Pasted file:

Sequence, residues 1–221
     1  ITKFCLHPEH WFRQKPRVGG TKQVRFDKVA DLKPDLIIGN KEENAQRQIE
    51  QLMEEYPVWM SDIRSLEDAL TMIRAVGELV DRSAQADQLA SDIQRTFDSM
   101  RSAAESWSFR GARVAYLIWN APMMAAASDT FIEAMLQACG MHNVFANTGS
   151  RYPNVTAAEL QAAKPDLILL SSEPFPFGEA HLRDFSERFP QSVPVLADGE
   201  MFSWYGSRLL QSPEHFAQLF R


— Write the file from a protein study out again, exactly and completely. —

Sequence, residues 1–221
     1  ITKFCLHPEH WFRQKPRVGG TKQVRFDKVA DLKPDLIIGN KEENAQRQIE
    51  QLMEEYPVWM SDIRSLEDAL TMIRAVGELV DRSAQADQLA SDIQRTFDSM
   101  RSAAESWSFR GARVAYLIWN APMMAAASDT FIEAMLQACG MHNVFANTGS
   151  RYPNVTAAEL QAAKPDLILL SSEPFPFGEA HLRDFSERFP QSVPVLADGE
   201  MFSWYGSRLL QSPEHFAQLF R